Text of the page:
Clays by Type

Clay is a complicated thing. Seems easy enough, after all it’s just dirt, right? Nope.

Of course it comes in different colors, and different textures (rough and groggy, or smooth), and these factors can influence the look of your piece and the way your glaze reacts. Especially at higher temperatures (cone 8 and above) the materials in the clay, such as iron, start to interact with the glazes and this is often used to good effect. Some clays (such as porcelain, or porcelain-like stonewares) are are made from materials with smaller particles and are more plastic (can be pulled and manipulated in wet form without cracking); the tradeoff is that these tend to shrink more than others.

It is important for functional ware that clay reach maturity, which happens at a certain firing temperature. Commercial clay’s are actually a mixture of raw clays and other materials which are combined to create good working properties, and fire to a certain temperature. If a clay is rated cone 5, that is theoretically the temperature at which it becomes “vitrified”, or undergoes a chemical change and becomes almost glass like. The particles become densely packed, all the water is driven out, and at this point the clay is waterproof.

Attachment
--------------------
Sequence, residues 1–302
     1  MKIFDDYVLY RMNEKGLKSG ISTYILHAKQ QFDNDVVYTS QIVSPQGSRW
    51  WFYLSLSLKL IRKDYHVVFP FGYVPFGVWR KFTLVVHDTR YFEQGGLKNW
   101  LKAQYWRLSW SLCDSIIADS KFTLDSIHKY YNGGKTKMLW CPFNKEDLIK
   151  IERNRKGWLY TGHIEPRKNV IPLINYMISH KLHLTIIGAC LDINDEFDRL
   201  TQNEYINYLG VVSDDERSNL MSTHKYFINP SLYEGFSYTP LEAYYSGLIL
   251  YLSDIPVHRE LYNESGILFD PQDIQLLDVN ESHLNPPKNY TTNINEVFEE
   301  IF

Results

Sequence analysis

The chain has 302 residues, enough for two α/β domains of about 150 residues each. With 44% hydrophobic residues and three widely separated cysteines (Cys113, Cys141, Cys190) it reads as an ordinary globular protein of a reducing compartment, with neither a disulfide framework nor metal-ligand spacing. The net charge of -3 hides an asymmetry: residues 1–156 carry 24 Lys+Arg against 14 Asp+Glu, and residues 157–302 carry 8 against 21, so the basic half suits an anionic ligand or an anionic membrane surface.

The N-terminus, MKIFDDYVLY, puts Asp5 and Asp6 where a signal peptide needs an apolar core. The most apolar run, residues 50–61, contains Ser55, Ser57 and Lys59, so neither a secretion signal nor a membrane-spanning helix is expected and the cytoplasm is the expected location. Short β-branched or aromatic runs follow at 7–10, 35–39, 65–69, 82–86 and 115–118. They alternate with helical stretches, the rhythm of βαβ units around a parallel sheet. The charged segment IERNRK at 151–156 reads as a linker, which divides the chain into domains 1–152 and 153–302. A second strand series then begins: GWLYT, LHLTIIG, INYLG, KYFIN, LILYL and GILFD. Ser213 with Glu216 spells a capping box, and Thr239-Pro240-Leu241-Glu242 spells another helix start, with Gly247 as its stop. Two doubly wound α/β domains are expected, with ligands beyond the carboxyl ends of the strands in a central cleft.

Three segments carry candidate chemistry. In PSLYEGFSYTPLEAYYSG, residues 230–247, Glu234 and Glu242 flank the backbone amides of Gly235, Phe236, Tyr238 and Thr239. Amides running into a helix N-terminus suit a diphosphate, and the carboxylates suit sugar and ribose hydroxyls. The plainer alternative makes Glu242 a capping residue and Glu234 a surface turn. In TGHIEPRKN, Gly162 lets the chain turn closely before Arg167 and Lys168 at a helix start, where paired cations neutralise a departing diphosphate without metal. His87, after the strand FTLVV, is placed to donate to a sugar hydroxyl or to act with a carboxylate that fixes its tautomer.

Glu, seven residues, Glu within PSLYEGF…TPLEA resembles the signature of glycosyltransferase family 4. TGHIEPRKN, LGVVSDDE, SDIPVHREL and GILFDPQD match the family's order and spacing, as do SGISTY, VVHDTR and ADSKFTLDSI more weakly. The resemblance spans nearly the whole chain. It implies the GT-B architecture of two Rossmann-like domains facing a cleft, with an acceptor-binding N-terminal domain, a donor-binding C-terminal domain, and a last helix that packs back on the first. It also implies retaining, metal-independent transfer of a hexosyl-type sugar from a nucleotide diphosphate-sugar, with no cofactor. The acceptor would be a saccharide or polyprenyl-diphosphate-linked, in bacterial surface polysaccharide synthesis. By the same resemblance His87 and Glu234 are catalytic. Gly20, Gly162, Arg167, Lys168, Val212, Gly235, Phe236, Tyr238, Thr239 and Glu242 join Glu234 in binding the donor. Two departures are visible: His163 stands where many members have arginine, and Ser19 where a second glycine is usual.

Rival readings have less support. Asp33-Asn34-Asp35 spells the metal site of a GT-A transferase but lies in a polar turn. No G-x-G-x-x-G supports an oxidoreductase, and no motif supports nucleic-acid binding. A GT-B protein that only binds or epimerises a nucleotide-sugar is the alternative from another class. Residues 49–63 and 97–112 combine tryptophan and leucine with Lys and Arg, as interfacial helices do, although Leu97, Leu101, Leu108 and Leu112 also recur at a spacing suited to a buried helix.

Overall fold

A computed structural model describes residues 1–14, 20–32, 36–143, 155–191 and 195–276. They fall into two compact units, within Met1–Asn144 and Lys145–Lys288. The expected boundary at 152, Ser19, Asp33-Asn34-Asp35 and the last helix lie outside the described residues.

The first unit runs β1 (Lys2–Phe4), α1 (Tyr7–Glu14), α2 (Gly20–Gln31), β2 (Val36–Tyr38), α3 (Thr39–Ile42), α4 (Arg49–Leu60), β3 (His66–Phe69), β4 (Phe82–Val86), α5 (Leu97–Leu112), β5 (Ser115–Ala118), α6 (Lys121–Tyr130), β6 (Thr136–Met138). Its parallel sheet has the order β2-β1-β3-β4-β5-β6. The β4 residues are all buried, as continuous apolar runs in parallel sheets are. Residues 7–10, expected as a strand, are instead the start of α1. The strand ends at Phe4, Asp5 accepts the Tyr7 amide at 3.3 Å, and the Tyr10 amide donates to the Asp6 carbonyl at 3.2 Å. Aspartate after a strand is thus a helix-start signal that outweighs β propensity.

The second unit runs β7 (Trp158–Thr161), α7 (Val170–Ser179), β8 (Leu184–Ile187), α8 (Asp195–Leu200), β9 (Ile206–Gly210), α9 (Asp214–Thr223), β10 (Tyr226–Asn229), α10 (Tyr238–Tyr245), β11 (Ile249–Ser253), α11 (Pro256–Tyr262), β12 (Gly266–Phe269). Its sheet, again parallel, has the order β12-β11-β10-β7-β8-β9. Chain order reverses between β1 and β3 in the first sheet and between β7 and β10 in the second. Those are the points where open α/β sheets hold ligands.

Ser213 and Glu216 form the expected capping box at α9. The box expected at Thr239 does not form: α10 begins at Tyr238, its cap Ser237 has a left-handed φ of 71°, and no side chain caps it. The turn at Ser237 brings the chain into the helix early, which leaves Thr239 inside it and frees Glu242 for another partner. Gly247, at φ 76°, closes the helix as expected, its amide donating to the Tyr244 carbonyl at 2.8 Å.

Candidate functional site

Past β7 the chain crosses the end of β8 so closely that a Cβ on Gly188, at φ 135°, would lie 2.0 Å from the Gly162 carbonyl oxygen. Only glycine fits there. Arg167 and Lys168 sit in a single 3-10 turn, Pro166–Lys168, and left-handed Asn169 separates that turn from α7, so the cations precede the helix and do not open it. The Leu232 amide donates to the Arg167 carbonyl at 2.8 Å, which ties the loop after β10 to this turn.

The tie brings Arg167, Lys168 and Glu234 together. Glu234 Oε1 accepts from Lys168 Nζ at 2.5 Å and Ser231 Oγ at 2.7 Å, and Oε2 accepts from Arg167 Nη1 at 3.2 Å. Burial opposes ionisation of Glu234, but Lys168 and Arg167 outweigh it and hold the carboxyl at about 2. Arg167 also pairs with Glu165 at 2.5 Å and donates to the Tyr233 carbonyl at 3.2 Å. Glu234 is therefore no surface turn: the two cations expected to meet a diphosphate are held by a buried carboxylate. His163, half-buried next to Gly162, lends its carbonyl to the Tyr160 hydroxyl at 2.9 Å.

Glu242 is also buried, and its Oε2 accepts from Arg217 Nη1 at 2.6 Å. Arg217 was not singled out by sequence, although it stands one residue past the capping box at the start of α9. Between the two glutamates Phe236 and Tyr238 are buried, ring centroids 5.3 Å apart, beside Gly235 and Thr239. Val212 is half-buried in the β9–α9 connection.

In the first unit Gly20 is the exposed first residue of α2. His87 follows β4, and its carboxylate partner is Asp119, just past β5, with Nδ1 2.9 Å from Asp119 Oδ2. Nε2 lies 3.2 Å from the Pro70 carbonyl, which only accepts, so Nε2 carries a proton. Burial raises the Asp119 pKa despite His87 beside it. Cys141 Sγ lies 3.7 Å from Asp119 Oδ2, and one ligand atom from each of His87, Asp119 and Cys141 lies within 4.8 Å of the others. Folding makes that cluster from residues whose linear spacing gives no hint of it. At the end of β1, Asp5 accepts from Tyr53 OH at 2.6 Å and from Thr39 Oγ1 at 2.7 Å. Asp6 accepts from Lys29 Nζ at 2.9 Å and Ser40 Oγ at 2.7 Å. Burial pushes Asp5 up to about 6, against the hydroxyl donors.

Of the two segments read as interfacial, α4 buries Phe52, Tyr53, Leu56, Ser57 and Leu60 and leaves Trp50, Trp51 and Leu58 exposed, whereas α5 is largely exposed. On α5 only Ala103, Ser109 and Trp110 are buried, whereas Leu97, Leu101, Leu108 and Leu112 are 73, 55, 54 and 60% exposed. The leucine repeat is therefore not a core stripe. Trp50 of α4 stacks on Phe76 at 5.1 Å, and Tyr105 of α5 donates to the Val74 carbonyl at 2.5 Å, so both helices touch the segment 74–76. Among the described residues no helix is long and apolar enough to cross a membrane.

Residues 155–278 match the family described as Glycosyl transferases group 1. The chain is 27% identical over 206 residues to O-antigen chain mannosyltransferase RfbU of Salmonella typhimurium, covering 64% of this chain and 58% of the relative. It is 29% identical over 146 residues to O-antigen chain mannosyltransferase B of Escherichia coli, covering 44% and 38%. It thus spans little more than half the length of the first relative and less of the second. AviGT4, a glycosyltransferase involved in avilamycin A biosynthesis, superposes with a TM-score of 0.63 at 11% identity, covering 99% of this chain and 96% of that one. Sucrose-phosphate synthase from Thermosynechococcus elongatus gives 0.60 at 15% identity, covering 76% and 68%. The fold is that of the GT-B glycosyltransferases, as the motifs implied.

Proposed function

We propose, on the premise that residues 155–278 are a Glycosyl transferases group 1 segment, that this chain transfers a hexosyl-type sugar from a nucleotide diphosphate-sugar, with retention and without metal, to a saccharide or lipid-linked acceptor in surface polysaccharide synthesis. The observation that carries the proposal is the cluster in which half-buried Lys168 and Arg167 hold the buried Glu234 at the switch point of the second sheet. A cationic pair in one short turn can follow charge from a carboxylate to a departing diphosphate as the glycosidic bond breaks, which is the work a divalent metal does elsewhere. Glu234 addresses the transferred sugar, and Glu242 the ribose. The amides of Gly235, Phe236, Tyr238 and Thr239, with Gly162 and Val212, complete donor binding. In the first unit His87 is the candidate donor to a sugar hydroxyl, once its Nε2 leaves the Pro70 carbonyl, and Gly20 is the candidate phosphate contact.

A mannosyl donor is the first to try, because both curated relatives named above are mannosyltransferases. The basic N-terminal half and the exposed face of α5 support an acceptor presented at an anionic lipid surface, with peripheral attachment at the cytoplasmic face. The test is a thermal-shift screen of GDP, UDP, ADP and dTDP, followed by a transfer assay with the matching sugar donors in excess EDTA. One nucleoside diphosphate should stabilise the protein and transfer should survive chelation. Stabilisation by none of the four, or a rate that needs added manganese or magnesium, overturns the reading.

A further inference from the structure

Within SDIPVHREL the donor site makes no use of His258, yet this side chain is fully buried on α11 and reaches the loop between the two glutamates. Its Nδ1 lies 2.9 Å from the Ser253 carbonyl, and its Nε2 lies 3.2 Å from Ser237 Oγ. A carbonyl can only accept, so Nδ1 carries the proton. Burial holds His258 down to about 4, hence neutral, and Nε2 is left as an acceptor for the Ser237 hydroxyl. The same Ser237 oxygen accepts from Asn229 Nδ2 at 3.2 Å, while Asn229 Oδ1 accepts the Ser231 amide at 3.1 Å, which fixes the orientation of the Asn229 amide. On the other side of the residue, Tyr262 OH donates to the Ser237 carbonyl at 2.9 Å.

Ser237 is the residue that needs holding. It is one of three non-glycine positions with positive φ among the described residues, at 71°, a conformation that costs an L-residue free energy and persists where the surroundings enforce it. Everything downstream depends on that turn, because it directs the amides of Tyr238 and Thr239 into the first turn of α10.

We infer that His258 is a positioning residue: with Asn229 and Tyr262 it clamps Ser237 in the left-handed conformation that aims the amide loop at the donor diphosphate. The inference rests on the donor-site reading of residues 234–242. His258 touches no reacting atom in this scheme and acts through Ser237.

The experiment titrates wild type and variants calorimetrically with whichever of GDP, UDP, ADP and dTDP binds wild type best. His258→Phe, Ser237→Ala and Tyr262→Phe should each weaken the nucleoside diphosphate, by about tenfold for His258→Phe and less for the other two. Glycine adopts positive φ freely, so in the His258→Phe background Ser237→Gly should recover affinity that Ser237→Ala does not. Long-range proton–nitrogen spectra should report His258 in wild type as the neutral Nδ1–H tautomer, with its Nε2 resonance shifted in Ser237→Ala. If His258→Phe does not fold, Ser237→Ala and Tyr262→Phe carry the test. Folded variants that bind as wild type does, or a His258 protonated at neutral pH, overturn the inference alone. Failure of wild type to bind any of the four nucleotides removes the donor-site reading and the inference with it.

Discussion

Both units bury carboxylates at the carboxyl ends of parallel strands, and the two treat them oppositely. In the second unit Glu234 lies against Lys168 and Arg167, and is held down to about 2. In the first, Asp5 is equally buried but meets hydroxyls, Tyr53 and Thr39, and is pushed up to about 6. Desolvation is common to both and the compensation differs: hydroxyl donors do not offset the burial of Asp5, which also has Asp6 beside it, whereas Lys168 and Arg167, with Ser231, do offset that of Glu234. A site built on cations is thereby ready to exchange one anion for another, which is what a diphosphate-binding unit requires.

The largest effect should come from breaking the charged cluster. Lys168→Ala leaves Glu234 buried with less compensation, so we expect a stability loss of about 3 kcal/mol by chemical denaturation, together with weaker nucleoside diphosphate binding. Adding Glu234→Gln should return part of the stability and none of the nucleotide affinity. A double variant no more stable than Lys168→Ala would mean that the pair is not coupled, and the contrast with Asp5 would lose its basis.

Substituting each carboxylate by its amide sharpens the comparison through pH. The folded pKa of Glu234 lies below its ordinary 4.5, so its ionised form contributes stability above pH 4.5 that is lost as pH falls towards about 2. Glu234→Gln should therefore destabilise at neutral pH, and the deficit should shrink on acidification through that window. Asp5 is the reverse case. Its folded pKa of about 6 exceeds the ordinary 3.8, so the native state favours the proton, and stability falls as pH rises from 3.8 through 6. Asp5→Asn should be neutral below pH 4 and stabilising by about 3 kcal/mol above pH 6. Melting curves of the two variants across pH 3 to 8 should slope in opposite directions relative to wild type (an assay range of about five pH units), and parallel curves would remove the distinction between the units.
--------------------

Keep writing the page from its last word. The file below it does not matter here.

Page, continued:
Many people think that glaze provides waterproofing for clay. In fact, with low fire clay it is about your only option since low fire clays never fully vitrify. But it’s effectiveness is limited. If relying on a glaze for waterproofness, you need a glaze with very good properties for waterproofness, and one which exactly fits the clay body so they expand and contract at the same rate. If not, the glaze will crack (craze) and even if it is microscopic crazing you cannot see, your piece will no longer be waterproof. If you think you have a piece with a good glaze fit, place it alternately in the freezer, and in boiling water. Or another test is to pour boiling water into a frozen cup. If the glaze doesn’t craze, it is probably ok.

So this is why stoneware is much more durable, because the waterproofness comes from the clay itself. If you fire a cone 10 clay to cone 5, it will be fine for sculptural or decorative work, but it will not hold up to daily use, microwaves, dishwashers, etc. because it has not matured (it is still too porous). Overfire a clay, and first it becomes brittle, then it starts to melt.

Shipping: Clay unfortunately is heavy, so especially if it's shipping far, the costs can add up. If you purchase large quantities, we will do a truck ship quote for you. We have especially good rates for most of the western states. If you purchase greater than 200 pounds of clay, but not a whole pallet, heavyweight discounts kick in and shipping goes down, usually 10-30%. This does not happen in the shopping cart, so you have to ask and we can calculated it for you. Also, for smaller quantities such as a box or two, we can ship clay bu USPS for $20a box (each 50#.) Our shopping cart can't do that either, so instead of ordering the clay, just type in the comments of the order which ones you want via USPS. Thanks

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